It is not strange, therefore, that the mountain is the scene of tremendous moral battles, where a man either succumbs to temptation or finds moral strength and understanding. What inner struggle went on in Moses during the forty days and forty nights we are not told, but there are two detailed examples from other times and places that reveal the process.

Image 10. The Temptation of Christ — (this image was by the Jesuit, Jerome Nadal, meant to be studied on the first Sunday of Lent, {Matthew 4, Mark 4, Luke 1}, year 30 of Jesus' life. (Copper-plate engraving [detail of Plate 12{25}] from the 1647 edition by Joannes Galle of Evangelicae historiae imagines : ex ordine euangeliorum, quae toto anno in missae sacrificio recitantur, in ordinem temporis vitae Christi digestae from the original plates of the Jerome Nadal 1593 edition). Scan by author.
Image 10. The Temptation of Christ — (this image was by the Jesuit, Jerome Nadal, meant to be studied on the first Sunday of Lent, {Matthew 4, Mark 4, Luke 1}, year 30 of Jesus’ life. (Copper-plate engraving [detail of Plate 12{25}] from the 1647 edition by Joannes Galle of Evangelicae historiae imagines: ex ordine euangeliorum, quae toto anno in missae sacrificio recitantur, in ordinem temporis vitae Christi digestae from the original plates of the Jerome Nadal 1593 edition). Scan by author.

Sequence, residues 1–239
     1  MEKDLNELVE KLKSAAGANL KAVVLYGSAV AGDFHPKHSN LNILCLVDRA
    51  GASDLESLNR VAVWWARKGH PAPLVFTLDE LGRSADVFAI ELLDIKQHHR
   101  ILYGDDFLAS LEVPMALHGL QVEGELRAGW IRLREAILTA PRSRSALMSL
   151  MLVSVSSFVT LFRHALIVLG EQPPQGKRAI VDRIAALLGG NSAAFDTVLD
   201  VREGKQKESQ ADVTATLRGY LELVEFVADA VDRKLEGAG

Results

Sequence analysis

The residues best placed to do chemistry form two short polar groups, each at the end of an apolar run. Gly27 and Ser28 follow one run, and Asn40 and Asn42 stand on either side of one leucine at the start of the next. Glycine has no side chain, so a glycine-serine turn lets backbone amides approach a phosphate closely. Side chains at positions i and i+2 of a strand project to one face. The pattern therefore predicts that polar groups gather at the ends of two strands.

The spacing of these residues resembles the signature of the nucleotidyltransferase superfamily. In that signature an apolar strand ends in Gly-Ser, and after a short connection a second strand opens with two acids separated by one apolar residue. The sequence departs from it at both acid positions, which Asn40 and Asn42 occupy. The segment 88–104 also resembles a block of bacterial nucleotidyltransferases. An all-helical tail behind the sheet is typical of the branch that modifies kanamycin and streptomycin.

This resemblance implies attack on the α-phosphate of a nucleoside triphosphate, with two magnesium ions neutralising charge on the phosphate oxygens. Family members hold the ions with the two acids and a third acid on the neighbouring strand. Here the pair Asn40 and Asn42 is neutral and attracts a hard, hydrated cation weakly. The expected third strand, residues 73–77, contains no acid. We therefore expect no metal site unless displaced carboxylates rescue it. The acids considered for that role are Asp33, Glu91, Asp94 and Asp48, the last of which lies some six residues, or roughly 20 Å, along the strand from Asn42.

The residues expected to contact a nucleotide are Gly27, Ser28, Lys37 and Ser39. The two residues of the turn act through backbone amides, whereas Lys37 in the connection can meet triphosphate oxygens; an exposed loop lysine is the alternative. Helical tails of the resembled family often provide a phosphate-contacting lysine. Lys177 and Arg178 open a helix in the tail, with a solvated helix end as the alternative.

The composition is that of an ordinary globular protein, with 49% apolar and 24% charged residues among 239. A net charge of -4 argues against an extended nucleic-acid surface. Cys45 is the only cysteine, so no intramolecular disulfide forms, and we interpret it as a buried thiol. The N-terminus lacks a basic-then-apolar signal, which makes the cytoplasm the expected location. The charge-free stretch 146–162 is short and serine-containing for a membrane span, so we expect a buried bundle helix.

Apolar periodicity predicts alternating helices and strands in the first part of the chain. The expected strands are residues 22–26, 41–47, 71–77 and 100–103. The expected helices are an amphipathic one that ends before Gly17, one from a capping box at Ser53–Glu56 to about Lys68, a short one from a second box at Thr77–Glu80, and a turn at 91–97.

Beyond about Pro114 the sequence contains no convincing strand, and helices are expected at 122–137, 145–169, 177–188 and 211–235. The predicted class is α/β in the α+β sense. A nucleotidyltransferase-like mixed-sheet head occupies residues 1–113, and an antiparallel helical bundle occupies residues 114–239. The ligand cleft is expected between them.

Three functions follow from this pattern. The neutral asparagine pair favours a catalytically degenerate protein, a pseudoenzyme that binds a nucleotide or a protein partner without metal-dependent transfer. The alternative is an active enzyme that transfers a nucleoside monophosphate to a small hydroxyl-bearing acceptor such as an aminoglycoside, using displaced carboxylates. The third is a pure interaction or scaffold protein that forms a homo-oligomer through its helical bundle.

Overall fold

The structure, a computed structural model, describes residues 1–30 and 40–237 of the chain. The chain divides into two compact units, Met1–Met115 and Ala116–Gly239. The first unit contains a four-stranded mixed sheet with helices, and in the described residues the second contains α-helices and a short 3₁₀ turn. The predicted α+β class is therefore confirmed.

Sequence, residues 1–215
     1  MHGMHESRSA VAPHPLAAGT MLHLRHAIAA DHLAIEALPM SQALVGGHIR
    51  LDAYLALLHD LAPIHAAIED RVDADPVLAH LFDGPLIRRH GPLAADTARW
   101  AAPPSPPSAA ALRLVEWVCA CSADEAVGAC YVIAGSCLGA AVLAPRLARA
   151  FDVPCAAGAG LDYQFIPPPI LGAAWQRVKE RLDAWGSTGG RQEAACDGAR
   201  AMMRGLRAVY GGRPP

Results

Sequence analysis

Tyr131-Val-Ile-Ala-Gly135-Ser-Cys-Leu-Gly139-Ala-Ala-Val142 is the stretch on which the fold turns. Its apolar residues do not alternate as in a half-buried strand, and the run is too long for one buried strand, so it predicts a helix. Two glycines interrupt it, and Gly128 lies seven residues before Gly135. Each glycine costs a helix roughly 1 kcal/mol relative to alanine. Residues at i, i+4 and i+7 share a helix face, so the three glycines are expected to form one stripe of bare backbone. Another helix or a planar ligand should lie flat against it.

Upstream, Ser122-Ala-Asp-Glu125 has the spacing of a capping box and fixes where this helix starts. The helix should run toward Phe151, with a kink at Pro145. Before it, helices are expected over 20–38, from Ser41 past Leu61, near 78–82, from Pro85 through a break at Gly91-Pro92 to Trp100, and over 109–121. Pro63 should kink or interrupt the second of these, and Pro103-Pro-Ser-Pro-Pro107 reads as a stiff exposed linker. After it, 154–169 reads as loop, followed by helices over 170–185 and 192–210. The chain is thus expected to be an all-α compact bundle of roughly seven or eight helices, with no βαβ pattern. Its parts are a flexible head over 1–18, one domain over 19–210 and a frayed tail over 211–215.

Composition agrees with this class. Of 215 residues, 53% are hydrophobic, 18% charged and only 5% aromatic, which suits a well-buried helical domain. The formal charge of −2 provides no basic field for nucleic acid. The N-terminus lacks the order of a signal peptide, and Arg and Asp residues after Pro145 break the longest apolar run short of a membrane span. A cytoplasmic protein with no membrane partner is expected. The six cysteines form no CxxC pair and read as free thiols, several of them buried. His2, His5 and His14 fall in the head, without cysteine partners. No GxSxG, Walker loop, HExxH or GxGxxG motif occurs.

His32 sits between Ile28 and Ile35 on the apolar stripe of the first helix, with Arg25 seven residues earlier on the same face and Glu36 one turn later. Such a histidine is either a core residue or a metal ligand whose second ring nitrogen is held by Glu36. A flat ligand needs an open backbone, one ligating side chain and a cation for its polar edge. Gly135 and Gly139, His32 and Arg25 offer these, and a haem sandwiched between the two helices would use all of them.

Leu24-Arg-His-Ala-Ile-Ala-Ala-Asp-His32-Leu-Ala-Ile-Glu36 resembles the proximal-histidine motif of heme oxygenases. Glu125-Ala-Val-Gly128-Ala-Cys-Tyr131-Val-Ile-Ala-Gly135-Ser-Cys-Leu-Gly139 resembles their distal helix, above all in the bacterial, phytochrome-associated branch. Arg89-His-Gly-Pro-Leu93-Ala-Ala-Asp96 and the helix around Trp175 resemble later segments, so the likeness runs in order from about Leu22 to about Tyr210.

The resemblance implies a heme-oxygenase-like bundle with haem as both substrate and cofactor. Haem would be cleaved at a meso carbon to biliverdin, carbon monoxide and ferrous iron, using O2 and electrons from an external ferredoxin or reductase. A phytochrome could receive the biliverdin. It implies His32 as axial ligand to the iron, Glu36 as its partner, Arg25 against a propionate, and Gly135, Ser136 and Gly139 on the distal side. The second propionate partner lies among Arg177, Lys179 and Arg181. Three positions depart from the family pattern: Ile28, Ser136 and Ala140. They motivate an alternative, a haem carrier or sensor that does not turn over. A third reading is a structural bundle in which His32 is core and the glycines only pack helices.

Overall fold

The first needs no introduction and no commentary for those who know the Christian scriptures.

Then the devil took Him to a very high mountain and showed Him all the kingdoms in the world and their glory. “All this I’ll give You,” the devil told Him, “if You’ll bow down and worship me.” Then Jesus answered him, “go away, devil![3] It is written: Worship the Lord your God, and serve Him only.” Then the devil left Him, and angels came and served Him. (Matthew 4:8-11)[4]